Chronic pulmonary infection with Pseudomonas aeruginosa is associated with accelerated lung function decline, increased hospitalisations and increased morbidity and mortality in cystic fibrosis (CF). While it is generally accepted that antibiotic eradication of pseudomonas is effective, the optimum treatment regimen is unknown and current guidelines are inconsistent. This prospective, multicentre randomised controlled trial compared intravenous (IV) ceftazidime and tobramycin for 14 days, to oral ciprofloxacin for 12 weeks, to determine which regimen was superior in achieving and maintaining P aeruginosa eradication. Both study arms received concomitant inhaled colistimethate sodium for 12 weeks at treatment initiation.
Inclusion required a recent isolate of P aeruginosa, in patients who were pseudomonas naïve or pseudomonas infection free for ≥1 year. Randomisation was performed using web-based software and blinding was deemed impractical due to the nature of the interventions. The primary endpoint was pseudomonas eradication from respiratory samples at 3 months and 15 months from treatment allocation, and results were analysed using the intention to treat principle. Secondary endpoints included time to recurrence of original pseudomonas strain, re-infection with an alternative genotype or other respiratory organisms. Data regarding peripheral oxygen saturations, BMI, pulmonary exacerbations, hospital admission and duration, pulmonary function tests, and quality of life (CFQ-R20 and EQ-5D-3L21) were also collected and an economic analysis was performed.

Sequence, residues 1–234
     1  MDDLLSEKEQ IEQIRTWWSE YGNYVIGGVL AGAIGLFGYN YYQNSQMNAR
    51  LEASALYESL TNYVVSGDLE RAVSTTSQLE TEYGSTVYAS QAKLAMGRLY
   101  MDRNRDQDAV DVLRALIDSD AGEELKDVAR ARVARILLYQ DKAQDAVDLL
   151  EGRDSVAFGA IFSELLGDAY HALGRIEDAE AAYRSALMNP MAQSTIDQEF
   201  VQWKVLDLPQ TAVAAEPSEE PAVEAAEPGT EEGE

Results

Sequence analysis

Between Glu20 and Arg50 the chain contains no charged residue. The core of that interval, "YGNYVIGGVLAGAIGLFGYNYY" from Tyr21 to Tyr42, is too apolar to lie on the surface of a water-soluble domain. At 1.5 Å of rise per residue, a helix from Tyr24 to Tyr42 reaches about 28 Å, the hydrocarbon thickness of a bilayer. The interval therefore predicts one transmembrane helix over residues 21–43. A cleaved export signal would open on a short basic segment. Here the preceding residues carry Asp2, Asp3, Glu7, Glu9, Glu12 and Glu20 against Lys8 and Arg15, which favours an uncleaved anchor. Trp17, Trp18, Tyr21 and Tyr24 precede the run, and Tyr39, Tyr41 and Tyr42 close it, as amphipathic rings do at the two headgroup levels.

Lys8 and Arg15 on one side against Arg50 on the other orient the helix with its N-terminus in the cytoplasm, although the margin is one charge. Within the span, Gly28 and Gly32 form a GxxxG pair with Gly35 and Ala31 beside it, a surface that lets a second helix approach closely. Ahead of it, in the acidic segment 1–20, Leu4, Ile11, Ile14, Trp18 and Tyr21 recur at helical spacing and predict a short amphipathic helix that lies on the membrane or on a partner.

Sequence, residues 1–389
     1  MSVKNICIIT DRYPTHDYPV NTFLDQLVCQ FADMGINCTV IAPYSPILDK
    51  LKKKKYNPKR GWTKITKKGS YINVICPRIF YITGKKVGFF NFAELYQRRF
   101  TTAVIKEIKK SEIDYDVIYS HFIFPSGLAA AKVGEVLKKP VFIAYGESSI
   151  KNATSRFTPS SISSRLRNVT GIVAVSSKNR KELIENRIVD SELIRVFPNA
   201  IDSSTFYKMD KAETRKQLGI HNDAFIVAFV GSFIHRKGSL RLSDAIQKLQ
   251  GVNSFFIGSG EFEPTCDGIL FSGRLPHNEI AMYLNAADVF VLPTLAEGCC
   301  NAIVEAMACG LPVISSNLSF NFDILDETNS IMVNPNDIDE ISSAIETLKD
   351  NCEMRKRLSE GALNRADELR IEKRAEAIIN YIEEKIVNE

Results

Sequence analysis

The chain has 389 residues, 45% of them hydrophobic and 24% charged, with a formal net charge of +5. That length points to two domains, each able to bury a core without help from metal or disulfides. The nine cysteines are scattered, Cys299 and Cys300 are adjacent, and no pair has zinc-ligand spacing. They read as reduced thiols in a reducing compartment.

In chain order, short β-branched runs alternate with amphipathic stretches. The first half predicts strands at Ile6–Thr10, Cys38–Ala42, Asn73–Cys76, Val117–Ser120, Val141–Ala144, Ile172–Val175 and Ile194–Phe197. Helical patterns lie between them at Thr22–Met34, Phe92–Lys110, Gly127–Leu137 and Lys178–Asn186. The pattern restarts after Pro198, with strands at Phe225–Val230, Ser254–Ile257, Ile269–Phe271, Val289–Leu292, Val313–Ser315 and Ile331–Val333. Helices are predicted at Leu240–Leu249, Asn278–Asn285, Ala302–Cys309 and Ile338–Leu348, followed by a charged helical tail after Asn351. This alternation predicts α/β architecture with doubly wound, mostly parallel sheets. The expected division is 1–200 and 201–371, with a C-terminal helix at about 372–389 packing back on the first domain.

Children (older than 28 days old) and adults with confirmed CF, were prospectively enrolled in 72 CF centres in 2 countries (70 UK, 2 Italy) between Oct 2010 and Jan 2017. 286 patients were randomly assigned IV (n=137) and oral (n=149) therapy. 30 subjects were excluded from the primary analysis as the 15 month microbiological sample were not available. In the remaining subjects, there was no significant difference in the primary outcome, as 44% (55 of 125) in the IV cohort and 52% (68 of 130) in the oral treatment group achieved the primary outcome (RR 0·84, 95% CI 0·65 to 1·09; p=0·18). Regarding secondary endpoints, an effect of treatment was noted on lung function and BMI, with significant higher FVC (p=0·04) and lower BMI (p=0·029) noted in subjects in the IV treatment arm, though potential confounders were highlighted. Significantly fewer subjects in the IV cohort were hospitalised in the 12 months following eradication therapy (RR 0·69, 95% CI 0·50 to 0·95; p=0·020). There were no statistically significantly differences across any other secondary endpoints, including patient questionnaires. Adverse events were similar between groups and an economic analysis revealed cost savings of £5939 per patient with oral therapy when compared to IV. The authors conclude that there is no advantage to IV treatment as a first-line eradication choice.
- This study adds valuable information in an area where high quality RCT data was lacking and will no doubt have meaningful implications for clinical practice and associated guidelines. The pragmatic design and large sample size should be commended, though caution is advised when translating these results to an adult population as only 5% of the study population were adults.
- The specific reason for significantly fewer hospital admissions in the IV group is unclear and while the authors postulate that this may reflect individual choice to decline additional admissions, this finding requires further exploration.
- This study also highlights that even in the controlled environment of a RCT, suboptimal eradication rates were achieved in both groups, as approximately 50% of all patients were pseudomonas free at 15 months. Early detection of pseudomonas infection and optimisation of eradication strategies are priorities for future studies.